This study at Vanderbilt University Medical Center (VUMC) will enroll 60 evaluable elderly depressed outpatients with evidence of dopaminergic dysfunction, characterized as either slowed processing speed or slowed gait speed. To disentangle depression effects from age-related changes, 30 never-depressed elders also will complete baseline evaluation. Assessments include PET imaging of receptor density, neuromelanin-sensitive MRI (NM-MRI) measurement of nigrostriatal status, task-based MRI focused on effort-based decision making and reward processing, and comprehensive psychiatric, neurocognitive, and physical performance evaluation. Depressed participants then will be randomized to levodopa (L-DOPA) or placebo for 3 weeks, followed by repeat multimodal MRI and cognitive/behavioral assessments. In a cross-over phase, participants will receive the opposite intervention for an additional 3 weeks followed by clinical and cognitive assessments only. This mechanistic probe allows us to examine the contributions and interrelationships of dopamine-dependent processes in LLD and evaluate the responsivity of dopamine systems in LLD to pharmacological stimulation.

To maximize ability to detect drug effects, researchers will combine data gathered at VUMC with data gathered in a comparable sample enrolled at Columbia University. The sample enrolled at Columbia University will complete overlapping but not identical baseline assessments, including different PET imaging. Columbia University will complete a similar crossover trial of L-DOPA.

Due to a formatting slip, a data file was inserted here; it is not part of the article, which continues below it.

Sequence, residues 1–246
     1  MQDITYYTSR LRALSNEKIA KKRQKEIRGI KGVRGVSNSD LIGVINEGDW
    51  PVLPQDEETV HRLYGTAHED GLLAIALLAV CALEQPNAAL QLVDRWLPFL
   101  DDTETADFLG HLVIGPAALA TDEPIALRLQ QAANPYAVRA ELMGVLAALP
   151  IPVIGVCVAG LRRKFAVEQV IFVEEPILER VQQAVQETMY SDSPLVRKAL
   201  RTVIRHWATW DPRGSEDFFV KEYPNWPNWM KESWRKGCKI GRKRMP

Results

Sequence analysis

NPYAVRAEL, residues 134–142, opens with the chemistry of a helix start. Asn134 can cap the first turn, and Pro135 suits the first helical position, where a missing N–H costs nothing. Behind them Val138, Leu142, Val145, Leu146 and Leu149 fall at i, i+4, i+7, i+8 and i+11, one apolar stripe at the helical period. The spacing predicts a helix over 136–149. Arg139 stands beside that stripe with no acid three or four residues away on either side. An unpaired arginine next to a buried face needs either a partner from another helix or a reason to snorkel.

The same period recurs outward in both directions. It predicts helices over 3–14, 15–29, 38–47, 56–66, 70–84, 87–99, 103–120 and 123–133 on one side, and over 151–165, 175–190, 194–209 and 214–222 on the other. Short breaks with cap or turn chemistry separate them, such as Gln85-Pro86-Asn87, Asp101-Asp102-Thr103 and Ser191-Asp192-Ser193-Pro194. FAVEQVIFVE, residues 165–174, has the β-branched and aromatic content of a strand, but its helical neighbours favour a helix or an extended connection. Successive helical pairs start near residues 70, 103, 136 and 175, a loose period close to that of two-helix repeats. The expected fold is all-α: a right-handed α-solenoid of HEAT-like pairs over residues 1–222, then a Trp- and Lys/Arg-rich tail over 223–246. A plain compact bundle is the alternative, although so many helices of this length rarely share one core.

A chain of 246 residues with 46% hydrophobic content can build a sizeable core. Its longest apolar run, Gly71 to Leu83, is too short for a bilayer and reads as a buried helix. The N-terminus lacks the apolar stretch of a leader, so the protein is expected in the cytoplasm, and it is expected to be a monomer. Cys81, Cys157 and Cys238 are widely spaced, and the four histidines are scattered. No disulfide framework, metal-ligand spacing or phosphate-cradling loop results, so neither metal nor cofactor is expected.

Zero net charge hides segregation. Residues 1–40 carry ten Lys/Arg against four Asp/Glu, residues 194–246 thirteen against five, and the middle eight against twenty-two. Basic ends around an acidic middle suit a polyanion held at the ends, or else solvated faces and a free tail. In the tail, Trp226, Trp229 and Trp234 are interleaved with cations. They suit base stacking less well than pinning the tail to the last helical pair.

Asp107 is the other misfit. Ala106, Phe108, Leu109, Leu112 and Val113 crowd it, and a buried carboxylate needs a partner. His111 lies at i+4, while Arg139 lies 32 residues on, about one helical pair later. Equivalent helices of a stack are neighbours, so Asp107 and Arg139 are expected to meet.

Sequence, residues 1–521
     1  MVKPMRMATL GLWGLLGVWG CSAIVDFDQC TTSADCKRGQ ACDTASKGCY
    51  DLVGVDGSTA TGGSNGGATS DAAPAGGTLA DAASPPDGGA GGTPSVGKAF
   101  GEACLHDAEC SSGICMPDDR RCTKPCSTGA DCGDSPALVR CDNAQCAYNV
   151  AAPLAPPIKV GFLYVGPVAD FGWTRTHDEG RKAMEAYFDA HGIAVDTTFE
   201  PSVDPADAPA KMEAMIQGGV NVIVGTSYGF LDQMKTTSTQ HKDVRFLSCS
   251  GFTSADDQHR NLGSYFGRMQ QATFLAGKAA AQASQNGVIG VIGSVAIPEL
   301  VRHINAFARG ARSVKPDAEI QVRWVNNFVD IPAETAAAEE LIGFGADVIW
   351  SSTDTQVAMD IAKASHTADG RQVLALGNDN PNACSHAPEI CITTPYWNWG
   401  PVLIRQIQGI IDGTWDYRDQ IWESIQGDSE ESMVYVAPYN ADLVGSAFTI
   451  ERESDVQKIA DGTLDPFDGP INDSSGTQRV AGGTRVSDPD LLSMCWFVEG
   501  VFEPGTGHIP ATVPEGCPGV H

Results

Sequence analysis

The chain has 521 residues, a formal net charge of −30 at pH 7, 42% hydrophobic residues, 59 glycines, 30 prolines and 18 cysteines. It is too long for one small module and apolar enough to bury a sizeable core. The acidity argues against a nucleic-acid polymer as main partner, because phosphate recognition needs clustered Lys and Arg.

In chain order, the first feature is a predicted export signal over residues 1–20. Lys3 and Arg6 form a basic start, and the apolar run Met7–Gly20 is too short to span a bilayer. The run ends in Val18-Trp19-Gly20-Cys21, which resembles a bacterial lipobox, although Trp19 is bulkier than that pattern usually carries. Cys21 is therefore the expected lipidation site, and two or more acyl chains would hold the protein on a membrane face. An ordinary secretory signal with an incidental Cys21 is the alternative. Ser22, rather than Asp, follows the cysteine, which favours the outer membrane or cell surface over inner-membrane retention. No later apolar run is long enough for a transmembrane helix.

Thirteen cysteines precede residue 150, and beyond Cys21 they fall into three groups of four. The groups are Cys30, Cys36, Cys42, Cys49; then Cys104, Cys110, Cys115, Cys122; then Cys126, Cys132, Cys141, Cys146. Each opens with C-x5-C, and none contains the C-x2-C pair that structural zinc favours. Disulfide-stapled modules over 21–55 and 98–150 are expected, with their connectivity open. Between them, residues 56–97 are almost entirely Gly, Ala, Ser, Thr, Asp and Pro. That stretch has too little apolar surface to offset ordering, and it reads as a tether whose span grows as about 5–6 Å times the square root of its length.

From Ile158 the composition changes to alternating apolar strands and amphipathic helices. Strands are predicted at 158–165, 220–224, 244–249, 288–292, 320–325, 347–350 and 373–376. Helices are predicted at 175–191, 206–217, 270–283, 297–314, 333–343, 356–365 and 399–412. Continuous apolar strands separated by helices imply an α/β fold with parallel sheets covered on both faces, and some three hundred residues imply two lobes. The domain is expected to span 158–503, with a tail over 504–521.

AIM 1: To characterize dopaminergic dysfunction in LLD at molecular, circuit, and behavioral levels.

Hyp 1: Compared to age- and gender-matched controls on baseline functional MRI (fMRI), LLD participants will be less willing to expend effort for rewards and exhibit lower prefrontal cortex and striatal activation on the Effort Expenditure for Rewards Task (EEfRT). Hyp 2: Across all participants, lower midbrain & striatal [18F]-fallypride binding, and lower NM-MRI signal in the substantia nigra, pars compacta will predict lower performance across cognitive domains: Positive Valence (impaired willingness to expend effort, decreased neural activations on the EEfRT), Cognitive (slowed processing speed and executive dysfunction), and Sensorimotor (slowed gait speed). Hyp 3: Across all participants, slowed processing and gait speed likewise will predict lower willingness to expend effort on the EEfRT.

AIM 2: To examine responsivity of dopamine circuits in LLD to stimulation with L-DOPA.